I notice that violists are more likely to crawl-shift, and violinists are more likely to stick largely to odd-numbered positions. (Of course this is only an overall tendency.) I think this is because violists have a harder time with extensions and sometimes with using the 4th finger on the lower string in string-crossing passages.

In orchestral viola parts, I think I'd roughly estimate my time spent in each position as follows:

Half: 10%
1st: 30%
2nd: 20%
3rd: 25%
4th and higher: 15%

I think I use 4th, 5th, 6th, and 7th almost equally, and I don't find the distinction between positions all that meaningful beyond 5th position because there is so much crawl-shifting needed and because I use 3rd finger rather than 4th finger extensions above 5th position.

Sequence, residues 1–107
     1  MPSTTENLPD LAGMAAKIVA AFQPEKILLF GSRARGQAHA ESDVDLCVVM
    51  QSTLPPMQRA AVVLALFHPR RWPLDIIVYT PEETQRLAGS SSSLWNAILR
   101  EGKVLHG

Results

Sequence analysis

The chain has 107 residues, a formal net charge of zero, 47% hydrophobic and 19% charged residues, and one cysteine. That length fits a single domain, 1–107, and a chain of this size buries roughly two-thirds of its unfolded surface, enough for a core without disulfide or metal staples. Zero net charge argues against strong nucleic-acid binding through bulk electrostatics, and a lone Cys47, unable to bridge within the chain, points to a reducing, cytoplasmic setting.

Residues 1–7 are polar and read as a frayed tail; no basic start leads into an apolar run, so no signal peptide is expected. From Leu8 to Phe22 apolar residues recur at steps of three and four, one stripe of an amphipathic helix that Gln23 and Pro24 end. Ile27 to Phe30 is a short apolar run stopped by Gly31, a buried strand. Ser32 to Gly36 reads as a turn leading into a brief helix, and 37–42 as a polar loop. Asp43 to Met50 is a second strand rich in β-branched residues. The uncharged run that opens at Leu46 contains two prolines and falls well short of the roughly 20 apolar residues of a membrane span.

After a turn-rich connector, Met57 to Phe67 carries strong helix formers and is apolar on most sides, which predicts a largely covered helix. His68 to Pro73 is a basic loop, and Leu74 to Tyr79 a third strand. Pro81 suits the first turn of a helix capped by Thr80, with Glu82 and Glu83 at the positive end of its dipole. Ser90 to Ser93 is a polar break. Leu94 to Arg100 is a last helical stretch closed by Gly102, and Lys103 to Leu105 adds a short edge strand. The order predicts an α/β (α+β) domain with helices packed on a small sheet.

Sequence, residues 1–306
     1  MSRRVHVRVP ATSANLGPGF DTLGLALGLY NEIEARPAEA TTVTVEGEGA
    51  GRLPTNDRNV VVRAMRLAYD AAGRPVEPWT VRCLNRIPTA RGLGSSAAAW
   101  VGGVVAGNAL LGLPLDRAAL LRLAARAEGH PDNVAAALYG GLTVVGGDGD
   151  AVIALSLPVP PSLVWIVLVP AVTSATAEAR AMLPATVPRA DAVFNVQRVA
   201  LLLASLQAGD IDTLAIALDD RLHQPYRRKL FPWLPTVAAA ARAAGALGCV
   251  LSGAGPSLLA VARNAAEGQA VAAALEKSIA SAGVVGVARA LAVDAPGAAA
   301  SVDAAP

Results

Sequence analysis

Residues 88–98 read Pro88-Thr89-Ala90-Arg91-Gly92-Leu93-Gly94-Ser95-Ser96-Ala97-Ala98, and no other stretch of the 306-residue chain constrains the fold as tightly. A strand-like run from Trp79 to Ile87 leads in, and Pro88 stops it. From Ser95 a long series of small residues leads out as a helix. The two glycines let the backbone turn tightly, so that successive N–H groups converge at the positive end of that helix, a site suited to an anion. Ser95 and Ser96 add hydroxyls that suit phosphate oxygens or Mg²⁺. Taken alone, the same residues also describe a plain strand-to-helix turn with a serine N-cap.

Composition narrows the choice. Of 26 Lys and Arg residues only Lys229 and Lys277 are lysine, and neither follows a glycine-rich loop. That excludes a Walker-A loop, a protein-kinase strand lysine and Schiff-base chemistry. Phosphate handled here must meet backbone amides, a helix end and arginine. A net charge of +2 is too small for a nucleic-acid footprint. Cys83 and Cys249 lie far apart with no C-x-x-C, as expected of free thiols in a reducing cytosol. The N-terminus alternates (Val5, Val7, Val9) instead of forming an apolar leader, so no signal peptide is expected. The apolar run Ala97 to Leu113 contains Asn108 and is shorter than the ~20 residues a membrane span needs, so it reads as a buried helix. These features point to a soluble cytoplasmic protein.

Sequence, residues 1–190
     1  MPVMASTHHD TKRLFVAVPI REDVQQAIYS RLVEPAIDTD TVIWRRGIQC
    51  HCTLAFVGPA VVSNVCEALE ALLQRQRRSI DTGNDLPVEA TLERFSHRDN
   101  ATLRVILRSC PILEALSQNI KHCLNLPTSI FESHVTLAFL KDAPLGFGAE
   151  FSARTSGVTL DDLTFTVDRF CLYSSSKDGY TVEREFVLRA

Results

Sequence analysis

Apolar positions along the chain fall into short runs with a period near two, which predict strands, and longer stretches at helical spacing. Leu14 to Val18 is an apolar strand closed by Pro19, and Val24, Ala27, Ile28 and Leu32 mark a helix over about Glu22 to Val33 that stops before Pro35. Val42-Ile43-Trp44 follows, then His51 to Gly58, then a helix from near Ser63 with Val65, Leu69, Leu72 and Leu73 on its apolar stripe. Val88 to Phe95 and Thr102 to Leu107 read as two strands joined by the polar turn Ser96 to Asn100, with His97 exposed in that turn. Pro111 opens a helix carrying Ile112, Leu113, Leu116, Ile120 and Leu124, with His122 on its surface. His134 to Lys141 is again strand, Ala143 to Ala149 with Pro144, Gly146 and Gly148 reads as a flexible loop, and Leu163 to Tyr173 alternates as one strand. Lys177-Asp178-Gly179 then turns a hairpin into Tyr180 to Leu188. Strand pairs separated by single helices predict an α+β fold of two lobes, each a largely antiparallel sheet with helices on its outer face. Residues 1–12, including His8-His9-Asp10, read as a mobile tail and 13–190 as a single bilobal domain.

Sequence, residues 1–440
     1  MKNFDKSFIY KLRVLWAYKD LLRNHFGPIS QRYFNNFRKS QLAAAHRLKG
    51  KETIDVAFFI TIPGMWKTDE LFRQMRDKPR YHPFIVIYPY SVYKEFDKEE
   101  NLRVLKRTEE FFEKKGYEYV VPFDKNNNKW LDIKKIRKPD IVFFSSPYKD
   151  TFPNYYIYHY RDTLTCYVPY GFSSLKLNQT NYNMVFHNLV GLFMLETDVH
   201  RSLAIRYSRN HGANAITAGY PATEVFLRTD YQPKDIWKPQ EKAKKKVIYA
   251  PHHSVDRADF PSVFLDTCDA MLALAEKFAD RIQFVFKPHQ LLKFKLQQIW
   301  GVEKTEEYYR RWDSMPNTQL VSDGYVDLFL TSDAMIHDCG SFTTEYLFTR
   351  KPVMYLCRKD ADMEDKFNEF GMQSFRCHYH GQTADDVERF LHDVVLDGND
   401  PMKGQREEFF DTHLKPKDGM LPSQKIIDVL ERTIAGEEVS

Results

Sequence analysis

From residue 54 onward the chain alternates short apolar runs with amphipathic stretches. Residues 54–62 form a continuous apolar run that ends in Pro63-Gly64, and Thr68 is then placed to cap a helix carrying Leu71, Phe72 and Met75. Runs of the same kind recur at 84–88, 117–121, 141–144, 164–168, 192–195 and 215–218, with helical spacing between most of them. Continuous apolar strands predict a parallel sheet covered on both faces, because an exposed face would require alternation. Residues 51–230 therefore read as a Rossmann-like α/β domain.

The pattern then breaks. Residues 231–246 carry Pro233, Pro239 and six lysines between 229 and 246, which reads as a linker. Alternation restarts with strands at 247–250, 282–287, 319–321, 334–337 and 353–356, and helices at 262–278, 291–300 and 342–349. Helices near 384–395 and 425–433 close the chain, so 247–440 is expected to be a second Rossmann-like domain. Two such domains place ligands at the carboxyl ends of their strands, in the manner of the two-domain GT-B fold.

Edited: January 11, 2020, 4:53 AM · And then again, high positions on the E string are arguably not real position playing. I see studies which claim to involve 7th position and all it is is two final high notes on the E string. Playing in 7th on all four strings is a totally different ball game.
Edited: January 11, 2020, 9:07 AM · Since you mention it, making the shifts between strings in any position is critical to high-fingerboard sight reading - to avoid constant scrambles up and down.. Recognizing a fifth is the way to start - where you use the same finger on the neighbouring string (with the catch of Bb/F B/F#). Once that is instinctive you start recognizing 6ths and 7ths as well. At that point reading high passages starts to become automatic.
January 11, 2020, 11:38 AM · On the second half of the E string the position system and the fingering system breaks down. Everyone needs to work out their own system up there. Examples; my 4th finger is short, so the third finger actually reaches farther than the 4th. The half steps are a lot smaller than the width of my fingers.